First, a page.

KIM DAME Hernando Today correspondent
Published: December 26, 2012   |
Updated: May 7, 2013 at 07:54 PM
Location: 20052 Bowman Road, Spring Hill 34610
Telephone: (352) 796-0238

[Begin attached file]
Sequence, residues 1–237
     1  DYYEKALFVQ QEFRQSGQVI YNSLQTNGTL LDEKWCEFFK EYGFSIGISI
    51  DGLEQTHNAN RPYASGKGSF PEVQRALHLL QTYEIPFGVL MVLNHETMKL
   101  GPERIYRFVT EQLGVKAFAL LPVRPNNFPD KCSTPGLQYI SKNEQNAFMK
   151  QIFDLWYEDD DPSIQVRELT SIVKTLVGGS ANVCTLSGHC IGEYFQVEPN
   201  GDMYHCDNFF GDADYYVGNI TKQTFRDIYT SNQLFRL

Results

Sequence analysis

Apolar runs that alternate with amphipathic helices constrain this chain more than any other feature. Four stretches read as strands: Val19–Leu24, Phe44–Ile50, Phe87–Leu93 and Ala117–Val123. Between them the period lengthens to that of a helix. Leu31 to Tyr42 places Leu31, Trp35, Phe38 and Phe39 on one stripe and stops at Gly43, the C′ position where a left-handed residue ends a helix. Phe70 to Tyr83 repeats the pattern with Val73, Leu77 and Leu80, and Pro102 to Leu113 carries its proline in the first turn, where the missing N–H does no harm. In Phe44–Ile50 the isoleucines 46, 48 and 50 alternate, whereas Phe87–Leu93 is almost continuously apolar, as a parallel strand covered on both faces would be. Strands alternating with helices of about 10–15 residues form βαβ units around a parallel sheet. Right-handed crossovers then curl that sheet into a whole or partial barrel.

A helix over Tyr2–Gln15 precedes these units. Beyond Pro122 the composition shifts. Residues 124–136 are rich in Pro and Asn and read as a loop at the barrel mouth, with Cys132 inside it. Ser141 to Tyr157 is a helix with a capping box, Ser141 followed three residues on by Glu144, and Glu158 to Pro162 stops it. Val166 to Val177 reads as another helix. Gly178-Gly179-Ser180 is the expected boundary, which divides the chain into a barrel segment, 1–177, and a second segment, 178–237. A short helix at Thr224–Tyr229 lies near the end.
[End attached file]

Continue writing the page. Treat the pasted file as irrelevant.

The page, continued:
The banking crisis that led to the economic downturn cost Allen Bornscheuer his job. But like many who were forced to change direction on a dime, Bornscheuer looked to his passion for Saddlebred horses and turned it into a business. On a quiet 10 acres off Bowman Road near Masaryktown, Bornscheuer and his daughter, Cat, purchased an abandoned farm in foreclosure. Bornscheuer intended to gradually fix it up as a part time hobby and eventually build it into an income source. Four years later, Serenity Stables operates at full capacity as a facility where boarding, training and recreational equine-themed activities are common place. Every weekend, something is happening inside the arena, round pen or inside the covered barn. Just the weekend prior, Bornscheuer had hosted a birthday party for 12 little girls. Some had never been near a horse before. All were given 15 minute mini lessons on Dolly, Miley and Charlie Bay, all mature Saddlebreds who follow their handlers instructions perfectly. The party goers even made Tre, a bay Saddlebred with deep brown eyes, a decorative banner to hang over his stall. Tre participated in the party, eating many carrots and capturing the little girl's hearts. Bornscheuer's passion for horses, particularly Saddlebreds, began after he left the cold in New York and moved to Tampa, following opportunities in the banking industry. He started going to horse shows as a way to meet people. "The gym wasn't really my speed," he said, and he wasn't into golf. "The people were super, super nice," he said, "and they invited me out to their farm after the shows were over. I started riding and before long I was addicted." Bornscheuer began showing Saddlebreds in local shows and the addiction grew deeper. "I became something of a ham," he said. His enthusiasm only heightened as he got better at his craft. Bornscheuer now shows professionally. His daughter, Catherine, 18, shows in the amateur division. Bornscheuer introduced Cat when she was 4, and she was an instant natural. "She was addicted likewise and still is today, 14 years later," he said. But living in Tampa and boarding their horses became expensive, especially considering both were heavy into showing. So when it was time to purchase a property, it was Cat who suggested her father find something with land where they could keep their own horses. Bornscheuer hadn't planned on moving so far north. But when he stumbled on the 10 acres, complete with cozy farmhouse and an extensive set of stalls, he saw the potential. The farm had been a boarding business but had since become overgrown with weeds. It would take work to bring it back to its previous stature. But Bornscheuer was intrigued. He negotiated with the bank and closed on the deal. Serenity Stables is the home of 22 horses, 10 of which are customer boarders. The other 12 Bornscheuer owns, most of which are Saddlebreds. "Everything is long on a Saddlebred," Bornscheuer said, "long head, long neck, long legs, long body, long gate." Each horse has a certain personality that makes them unique. 24 year old Dolly, for instance, is mother to a small goat. She is used for beginner lessons because of her extensive training and because she knows her commands, often before her handler has a chance to say them. Dolly, Bornscheuer said, is emotionally attached to Stanley who is nicknamed Grouchy Man. "He's been grouchy all his life," Bornscheuer laughed. "We've got a few relationships here," he said. He described the Bachelor's Club where the young geldings tend to hang together. Bornscheuer described each horse with intimate detail, hinting that his love for horses, which he cares for each day, runs very deep. The main function of Serenity Stables, he said, is the riding lessons it provides to as many as 25 students a week. Students are as young as 4 and learn basic lessons up to show preparation. Bornscheuer also explained that camps during winter, spring and summer breaks are also very popular. "Each camp ends with a horse show for family and friends so that the kids can show off what they've learned during the week," he said. "Ribbons are awarded to every rider!" There is a whole Academy for showing, Bornscheuer explained. It involves riding barn owned horses for lessons, not expensive show horses. "That's how people start to show," he said. "All the Saddlebred barns in the Tampa Bay area cooperate in this Academy program." Shows are held in different places, from the Florida State Fairgrounds to area farms, like Serenity Stables. "There are at least 8 shows a year you can to go, from little barn shows to the big shows. And the kids have a blast doing it." Many eventually graduate out of the Academy and go on to compete in A-Circuit shows. That's where Bornscheuer and Cat compete. Serenity Stables also trains horses, from breaking to behavior training to performance skills like "popping" their feet, a Saddlebred specialty. Parties are another part of the Stables, providing an opportunity for groups like the Girl Scouts or other private parties to engage with the horses. They are a big hit, especially with kids who have never even been around horses. They learn to groom, saddle them up, and get a basic riding lesson. Bornscheuer is passionate about everything he does at Serenity Stables, from feeding to hosting parties to training. But teaching kids and watching them perform is a big part of what heightens his excitement. "Seeing them go from petrified to controlling this 1000 pound animal, and doing it with confidence, is my favorite part," he said. "I like to show and ride. But it's personally satisfying to see them doing it." Looking back over the process that brought Serenity Stables to this point, Bornscheuer realized just how amazing the ride has been. "If you can take your passion and make it your job, you're never really working," he said. The name, he explained, is significant. They wanted it to begin with the letter S because the curves in the letter sort of looked like the shape of a Saddlebred's head, neck and front leg. "We landed on Serenity," Bornscheuer began, "not because we wanted sleepy, serene horses, rather we preferred horses with spirit. What we did want was for our riders to be serene; to be calm, cool and composed. "This kind of rider is in control of their ride and of their horse. This kind of rider is a safe rider. This is what Serenity is all about." Kim Dame is a correspondent for Hernando Today. She can be reached at Damewrites@yahoo.com.